In last week’s blog post, we talked at length about what exactly inflammation is as well as the role it plays in cardiovascular disease. This week, we’ll examine other adverse effects of inflammation and look at safe, natural ways to combat this common health concern.
Does Inflammation Trigger Diabetes?
We have long known that inflammation plays a significant role in type 1 diabetes. It is an autoimmune disorder, in which immune cells attack tissues in the pancreas, resulting in inflammation and eventual destruction of the islet cells that produce insulin. Research now suggests that inflammation is also a player in type 2 diabetes.
Levels of C-reactive protein (CRP), a marker of inflammation, are often elevated in people who have or are at high risk of developing type 2 diabetes. In a landmark German study, researchers enrolled 2,052 men, ages 45 to 74, who had no signs or symptoms of diabetes at the study’s onset and followed them for an average of 7.2 years. They found a distinct relationship between inflammation and risk of diabetes. The men with the highest CRP levels were 2.7 times more likely to develop diabetes during the study period than those with the lowest CRPs.
Inflammation also appears to predict the risk of diabetic complications. According to a study presented at the American Diabetes Association’s Annual Scientific Sessions, diabetic patients with the highest CRP levels were four times as likely to have cardiovascular disease as those with the lowest CRP levels. Other researchers have found elevations in CRP to be a reliable indicator of development of diabetic nephropathy, or damage to the kidneys.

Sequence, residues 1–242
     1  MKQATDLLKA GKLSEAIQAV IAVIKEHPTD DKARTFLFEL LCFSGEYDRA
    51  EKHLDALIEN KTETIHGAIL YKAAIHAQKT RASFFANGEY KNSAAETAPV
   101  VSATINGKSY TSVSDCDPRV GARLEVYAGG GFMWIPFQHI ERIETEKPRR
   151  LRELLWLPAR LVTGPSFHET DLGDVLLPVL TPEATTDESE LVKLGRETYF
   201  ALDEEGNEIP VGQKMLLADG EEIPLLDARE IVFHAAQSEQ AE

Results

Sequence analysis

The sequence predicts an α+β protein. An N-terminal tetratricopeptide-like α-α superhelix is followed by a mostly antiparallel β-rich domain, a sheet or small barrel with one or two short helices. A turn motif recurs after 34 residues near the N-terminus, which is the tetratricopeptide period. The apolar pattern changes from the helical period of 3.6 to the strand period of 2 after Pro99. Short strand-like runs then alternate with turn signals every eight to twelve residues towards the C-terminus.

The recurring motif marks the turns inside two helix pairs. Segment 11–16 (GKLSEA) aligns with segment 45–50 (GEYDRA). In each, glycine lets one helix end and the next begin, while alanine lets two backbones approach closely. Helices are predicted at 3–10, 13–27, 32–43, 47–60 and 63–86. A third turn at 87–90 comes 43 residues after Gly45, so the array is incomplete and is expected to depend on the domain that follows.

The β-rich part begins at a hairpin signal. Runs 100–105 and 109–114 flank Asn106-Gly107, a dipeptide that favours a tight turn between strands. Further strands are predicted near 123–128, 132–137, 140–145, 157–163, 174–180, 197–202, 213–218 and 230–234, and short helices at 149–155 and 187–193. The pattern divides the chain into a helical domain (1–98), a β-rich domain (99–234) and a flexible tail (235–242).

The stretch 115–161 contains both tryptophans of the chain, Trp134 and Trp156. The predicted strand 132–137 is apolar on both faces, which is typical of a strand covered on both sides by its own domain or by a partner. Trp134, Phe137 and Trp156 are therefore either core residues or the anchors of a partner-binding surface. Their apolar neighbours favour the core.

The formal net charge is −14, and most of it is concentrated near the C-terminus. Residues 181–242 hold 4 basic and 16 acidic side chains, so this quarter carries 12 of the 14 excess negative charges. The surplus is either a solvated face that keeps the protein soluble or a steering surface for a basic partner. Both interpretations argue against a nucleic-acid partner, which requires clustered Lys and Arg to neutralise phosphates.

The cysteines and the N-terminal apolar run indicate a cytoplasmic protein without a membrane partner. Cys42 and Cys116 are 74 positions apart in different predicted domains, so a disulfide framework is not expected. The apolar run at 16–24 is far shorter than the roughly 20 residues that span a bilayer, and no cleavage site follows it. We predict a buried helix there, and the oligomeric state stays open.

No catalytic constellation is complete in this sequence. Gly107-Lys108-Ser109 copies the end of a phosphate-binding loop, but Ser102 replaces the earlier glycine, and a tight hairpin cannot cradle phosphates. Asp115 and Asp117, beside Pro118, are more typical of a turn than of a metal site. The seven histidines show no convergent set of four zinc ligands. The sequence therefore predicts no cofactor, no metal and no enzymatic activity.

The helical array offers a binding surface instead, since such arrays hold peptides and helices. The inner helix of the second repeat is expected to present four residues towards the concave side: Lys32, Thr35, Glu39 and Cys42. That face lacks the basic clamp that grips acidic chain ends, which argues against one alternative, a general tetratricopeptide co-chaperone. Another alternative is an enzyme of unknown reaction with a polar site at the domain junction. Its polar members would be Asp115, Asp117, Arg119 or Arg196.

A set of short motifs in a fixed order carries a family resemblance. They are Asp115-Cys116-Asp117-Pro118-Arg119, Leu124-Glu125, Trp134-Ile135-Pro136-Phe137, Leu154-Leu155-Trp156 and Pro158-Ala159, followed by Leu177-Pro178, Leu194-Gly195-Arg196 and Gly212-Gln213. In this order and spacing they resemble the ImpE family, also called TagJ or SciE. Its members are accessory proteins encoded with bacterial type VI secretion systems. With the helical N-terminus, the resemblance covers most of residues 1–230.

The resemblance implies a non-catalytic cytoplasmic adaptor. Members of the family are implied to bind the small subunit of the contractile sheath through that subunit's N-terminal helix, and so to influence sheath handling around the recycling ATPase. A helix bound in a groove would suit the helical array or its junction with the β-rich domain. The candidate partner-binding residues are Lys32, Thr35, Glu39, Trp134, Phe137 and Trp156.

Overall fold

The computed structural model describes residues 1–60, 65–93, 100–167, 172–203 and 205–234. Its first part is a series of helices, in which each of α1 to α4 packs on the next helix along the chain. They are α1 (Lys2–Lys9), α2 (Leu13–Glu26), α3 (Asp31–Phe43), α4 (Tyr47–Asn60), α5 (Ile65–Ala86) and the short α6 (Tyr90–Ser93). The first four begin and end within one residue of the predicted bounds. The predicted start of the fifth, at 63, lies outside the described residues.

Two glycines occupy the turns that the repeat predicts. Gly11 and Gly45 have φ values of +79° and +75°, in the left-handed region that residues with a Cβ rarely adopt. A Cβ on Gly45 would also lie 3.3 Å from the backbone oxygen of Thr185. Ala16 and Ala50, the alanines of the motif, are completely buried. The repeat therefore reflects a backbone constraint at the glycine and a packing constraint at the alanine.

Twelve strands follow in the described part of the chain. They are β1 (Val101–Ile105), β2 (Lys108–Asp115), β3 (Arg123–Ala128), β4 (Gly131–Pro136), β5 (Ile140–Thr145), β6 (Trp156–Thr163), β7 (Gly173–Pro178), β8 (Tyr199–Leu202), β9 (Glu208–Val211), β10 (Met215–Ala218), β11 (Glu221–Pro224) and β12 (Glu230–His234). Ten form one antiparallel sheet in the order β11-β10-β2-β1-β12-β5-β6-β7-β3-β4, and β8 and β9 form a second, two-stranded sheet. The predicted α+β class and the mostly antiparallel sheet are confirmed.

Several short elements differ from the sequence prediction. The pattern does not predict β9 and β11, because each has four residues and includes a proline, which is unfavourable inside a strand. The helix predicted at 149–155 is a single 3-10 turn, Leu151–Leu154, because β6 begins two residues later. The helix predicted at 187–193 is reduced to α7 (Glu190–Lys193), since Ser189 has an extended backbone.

In summary, high-sensitive C-reactive protein and other tests that measure inflammation may allow us to determine who is at greatest risk of developing diabetes and its many complications—and to develop treatment strategies to prevent them from taking hold in the first place.
Inflammation, the Brain, and Alzheimer’s Disease
Alzheimer’s researchers are also studying the relationship between inflammation and Alzheimer’s disease. More than 30 years ago, Edith G. and Patrick L. McGeer, neuroscientists at the University of British Columbia in Vancouver, and colleagues noted an exceptionally low incidence of Alzheimer’s disease in people who had arthritis. They theorized that this was due to the anti-inflammatory drugs these people used to relieve pain. In the past few years, this theory has taken hold, as follow-up studies have indeed linked the use of anti-inflammatories with a reduced risk of Alzheimer’s disease.
Today, there is a growing consensus that Alzheimer’s disease is at least in part an inflammatory condition, triggered by the brain’s immune system turning on itself. The brains of patients with Alzheimer’s disease are characterized by the presence of amyloid plaques, which consist of proteins called beta amyloid surrounded by dead and dying cellular debris. Immune cells in the brain are drawn to amyloid plaques. When they come into contact with beta amyloid, they are activated and release inflammatory compounds that damage even healthy brain cells, instigating a cycle of inflammation and neurodegeneration.